Four classically-sited features are identified. At the south-west there is a stone circle and some 5m. to the north-east, and slightly upslope, there is a larger sub-circular feature, possibly also a stone circle, in the interior of which there are set stones. Between the two circles there is a row of stones and at the north-eastern end of the complex there are a number of stones, perhaps another linear setting. The stone circle at the south-west, part of which is still enveloped in bog, is some 10m in diameter. None of the stones forming the circle rises more than 30cm. above the cut-away surface. For the most part there are gaps between the stones, though two stones at the south-west at the point it exits the bog are almost contiguous while the next two stones are set end to end but it is possible that this pair originally formed one stone. The second circle measures about 14m. across. An apparent irregularity in the perimeter at the north-west may be due to loss or concealment of stones. By way of contrast with the last, which apparently lacks any internal settings, low upright stones occupy the interior of this feature and it is likely that many more have been lost or are concealed by peat. Two perimeter stones at the south-east, marked A and B on the plan and 1.20m. apart, are the tallest not only of this feature but at the entire site. They are 70cm. and 75cm. high respectively and, in contrail to most of the stones that seem to form the perimeters of both circles, these are radially set. They might form an entrance feature. The row of stones between the two features already described is represented by ten stones. These form a slightly irregular line some 10m. long. It can be described, somewhat loosely, as running tangentially to the largo circle and were it extended further south-eastwards it would also form a tangent with the smaller circle. The fourth feature, at the north-eastern end of the complex is 2m. to 3m. from the larger circle. It may be a short row of stones, possibly doubled, though it is conceivable that the stones here are part of a circle now largely lost or still concealed.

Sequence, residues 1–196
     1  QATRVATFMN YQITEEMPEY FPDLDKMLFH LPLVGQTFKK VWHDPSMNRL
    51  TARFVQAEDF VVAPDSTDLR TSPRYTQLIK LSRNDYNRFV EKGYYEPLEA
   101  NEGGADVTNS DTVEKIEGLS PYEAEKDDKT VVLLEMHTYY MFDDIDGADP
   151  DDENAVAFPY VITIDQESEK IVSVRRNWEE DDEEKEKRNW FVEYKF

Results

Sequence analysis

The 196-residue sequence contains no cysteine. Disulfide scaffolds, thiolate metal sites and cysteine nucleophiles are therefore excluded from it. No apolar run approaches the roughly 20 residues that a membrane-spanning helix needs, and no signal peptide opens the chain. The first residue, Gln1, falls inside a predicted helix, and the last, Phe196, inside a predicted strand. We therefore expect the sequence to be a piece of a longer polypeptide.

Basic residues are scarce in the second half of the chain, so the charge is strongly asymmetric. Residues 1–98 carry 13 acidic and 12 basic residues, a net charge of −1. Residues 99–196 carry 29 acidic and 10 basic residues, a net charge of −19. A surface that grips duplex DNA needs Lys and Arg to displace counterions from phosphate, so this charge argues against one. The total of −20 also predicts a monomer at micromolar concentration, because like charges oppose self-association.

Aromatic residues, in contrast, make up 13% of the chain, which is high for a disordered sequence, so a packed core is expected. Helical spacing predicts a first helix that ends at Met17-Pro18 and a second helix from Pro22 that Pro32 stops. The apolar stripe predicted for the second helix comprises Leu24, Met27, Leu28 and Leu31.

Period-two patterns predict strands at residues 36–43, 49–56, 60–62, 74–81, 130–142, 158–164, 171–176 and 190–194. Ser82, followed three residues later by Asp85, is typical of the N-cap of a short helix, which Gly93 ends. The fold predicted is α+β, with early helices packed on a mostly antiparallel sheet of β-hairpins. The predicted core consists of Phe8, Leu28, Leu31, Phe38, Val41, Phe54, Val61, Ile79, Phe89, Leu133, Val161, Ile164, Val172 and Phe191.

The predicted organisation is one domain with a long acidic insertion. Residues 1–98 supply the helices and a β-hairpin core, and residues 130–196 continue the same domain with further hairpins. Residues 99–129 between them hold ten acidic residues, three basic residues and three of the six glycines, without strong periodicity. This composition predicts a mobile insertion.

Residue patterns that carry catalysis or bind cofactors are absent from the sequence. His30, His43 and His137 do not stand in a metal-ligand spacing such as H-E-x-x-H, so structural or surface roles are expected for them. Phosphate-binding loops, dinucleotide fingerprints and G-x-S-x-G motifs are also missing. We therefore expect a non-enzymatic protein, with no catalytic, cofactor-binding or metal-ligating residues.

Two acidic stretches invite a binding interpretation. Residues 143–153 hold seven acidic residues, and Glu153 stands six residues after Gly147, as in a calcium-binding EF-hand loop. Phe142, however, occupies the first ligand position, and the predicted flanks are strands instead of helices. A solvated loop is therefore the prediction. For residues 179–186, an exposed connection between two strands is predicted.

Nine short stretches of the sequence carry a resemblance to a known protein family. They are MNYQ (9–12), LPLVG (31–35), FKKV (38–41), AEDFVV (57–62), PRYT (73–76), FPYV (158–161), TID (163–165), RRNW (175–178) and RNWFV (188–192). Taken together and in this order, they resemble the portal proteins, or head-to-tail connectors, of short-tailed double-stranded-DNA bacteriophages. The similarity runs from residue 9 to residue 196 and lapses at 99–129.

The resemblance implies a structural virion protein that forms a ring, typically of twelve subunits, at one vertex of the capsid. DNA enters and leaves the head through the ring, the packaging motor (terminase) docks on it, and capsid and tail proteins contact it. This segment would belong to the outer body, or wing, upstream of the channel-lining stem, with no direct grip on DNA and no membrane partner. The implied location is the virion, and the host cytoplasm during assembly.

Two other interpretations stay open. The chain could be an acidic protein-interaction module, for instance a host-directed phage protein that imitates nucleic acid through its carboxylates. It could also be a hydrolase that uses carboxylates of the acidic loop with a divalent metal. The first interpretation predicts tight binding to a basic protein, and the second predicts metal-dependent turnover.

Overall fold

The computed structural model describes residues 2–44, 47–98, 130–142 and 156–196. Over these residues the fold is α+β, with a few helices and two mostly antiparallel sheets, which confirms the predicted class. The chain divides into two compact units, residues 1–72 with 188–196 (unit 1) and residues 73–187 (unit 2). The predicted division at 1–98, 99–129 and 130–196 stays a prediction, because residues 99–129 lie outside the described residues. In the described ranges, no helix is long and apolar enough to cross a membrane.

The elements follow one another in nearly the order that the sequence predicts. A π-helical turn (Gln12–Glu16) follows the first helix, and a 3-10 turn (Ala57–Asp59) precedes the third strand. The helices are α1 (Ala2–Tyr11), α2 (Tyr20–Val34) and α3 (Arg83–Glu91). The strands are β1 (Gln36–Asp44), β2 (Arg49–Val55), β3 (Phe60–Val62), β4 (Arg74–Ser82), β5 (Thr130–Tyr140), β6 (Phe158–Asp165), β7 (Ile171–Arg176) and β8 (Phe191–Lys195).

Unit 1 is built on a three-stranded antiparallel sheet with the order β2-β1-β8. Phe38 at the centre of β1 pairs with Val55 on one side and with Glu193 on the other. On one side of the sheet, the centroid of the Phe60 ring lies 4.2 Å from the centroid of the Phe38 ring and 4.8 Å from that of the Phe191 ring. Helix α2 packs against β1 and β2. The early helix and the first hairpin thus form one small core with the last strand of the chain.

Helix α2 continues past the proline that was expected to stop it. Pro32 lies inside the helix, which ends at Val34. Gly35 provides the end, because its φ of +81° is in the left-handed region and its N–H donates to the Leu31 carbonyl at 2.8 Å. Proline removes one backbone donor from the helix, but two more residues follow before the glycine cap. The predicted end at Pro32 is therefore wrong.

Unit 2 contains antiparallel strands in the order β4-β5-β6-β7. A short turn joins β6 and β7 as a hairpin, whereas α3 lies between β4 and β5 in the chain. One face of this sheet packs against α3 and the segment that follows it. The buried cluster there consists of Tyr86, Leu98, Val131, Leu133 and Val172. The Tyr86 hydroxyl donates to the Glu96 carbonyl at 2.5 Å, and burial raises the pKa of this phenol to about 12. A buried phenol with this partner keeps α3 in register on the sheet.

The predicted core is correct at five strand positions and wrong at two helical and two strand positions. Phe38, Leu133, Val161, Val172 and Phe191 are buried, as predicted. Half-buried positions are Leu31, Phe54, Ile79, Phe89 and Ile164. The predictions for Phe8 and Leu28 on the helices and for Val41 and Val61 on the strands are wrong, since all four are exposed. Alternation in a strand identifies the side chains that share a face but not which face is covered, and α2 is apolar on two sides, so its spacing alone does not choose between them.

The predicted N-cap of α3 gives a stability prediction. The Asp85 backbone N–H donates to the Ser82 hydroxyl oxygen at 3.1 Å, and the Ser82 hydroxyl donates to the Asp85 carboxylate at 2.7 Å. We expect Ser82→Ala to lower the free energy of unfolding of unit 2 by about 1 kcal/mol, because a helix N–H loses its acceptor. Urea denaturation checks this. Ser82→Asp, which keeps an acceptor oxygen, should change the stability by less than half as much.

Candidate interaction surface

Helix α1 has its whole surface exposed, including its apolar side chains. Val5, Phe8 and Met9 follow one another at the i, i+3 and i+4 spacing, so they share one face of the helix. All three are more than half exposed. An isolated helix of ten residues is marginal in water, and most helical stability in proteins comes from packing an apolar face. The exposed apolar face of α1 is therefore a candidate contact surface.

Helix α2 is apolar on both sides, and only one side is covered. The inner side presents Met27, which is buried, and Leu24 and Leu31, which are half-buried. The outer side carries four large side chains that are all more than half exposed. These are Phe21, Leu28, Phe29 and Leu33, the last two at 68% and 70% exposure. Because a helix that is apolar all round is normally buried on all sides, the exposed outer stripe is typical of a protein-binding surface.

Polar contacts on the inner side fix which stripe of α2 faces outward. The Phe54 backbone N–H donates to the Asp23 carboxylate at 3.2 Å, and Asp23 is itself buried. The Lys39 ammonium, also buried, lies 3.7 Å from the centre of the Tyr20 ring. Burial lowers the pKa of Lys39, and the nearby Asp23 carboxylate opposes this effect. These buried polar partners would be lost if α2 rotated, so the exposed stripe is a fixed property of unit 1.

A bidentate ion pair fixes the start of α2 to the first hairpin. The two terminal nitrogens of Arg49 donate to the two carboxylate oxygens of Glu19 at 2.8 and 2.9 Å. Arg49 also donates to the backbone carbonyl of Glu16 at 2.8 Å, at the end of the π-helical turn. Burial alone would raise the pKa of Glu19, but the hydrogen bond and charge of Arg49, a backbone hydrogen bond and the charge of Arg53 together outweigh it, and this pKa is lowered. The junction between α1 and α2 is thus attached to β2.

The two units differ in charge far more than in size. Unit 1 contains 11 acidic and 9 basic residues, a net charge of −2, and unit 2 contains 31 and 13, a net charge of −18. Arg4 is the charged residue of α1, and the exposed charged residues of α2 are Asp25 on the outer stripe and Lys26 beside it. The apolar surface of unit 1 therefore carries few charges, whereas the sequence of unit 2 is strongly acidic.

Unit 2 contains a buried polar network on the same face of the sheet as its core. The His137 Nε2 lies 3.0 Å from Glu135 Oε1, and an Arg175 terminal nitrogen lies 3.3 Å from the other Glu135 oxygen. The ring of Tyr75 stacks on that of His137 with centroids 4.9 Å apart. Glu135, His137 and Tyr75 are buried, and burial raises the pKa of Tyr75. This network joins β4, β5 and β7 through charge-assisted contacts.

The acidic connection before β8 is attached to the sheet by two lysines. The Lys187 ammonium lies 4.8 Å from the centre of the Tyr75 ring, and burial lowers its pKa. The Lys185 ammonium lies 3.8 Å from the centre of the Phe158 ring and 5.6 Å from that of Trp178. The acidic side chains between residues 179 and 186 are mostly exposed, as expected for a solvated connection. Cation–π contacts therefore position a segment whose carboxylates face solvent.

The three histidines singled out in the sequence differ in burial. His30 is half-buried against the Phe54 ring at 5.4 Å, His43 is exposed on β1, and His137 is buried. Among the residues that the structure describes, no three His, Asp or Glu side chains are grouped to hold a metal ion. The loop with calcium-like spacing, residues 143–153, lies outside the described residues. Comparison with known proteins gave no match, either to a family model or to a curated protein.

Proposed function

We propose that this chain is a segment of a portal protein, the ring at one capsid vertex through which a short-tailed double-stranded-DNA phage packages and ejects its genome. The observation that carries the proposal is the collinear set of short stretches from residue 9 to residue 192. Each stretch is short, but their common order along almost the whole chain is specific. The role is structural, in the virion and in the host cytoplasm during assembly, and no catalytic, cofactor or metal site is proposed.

The grouped arrangement of the features at the site the use of quite small stones, the occurrence of set stones in the interior of one of the circles and the combination of circles and rows identify the site as an example, perhaps the most westerly, of the mid-Ulster group of stone circle clusters of Beaghmore type which are centred on the plateau south of the Sperrin Mountains in County Tyrone (Davies 1939). The full extent of the complex and the degree of structural elaboration remain to be established at Cashelenny before detailed comparisons can be made between it and other examples of this geographically distinctive group of Bronze Age monuments.’

1. Cody, E. 2000 A stone circle complex at Cashelenny, County Donegal. Ulster Journal of Archaeology 59, 85-7.
2. Davies, O. 1939b Stone circles in Northern Ireland. Ulster Journal of Archaeology Ser. 3, 2, 2-14.
3. Lacy, B. with Cody, E., Cotter, C., Cuppage, J., Dunne, N., Hurley, V., O'Rahilly, C., Walsh, P. and Ó Nualláin, S. 1983 Archaeological Survey of County Donegal. A description of the field antiquities of the County from the Mesolithic Period to the 17th century A.D. Lifford. Donegal County Council.


Compiled by: Paul Walsh


Archaeological Survey or Ireland


National Monuments Service, Department of Arts, Heritage and the Gaeltacht, Ireland


2 August 2017


Creative Commons Attribution 4.0 International licence


Archaeological survey summary








Class: Stone circle
Scheduled for inclusion in the next revision of the RMP: Yes




Compiled by: Paul Walsh, “Cashelenny Stone Circle Archaeological Survey,” Digital Derg: A Deep Map, accessed October 3, 2023,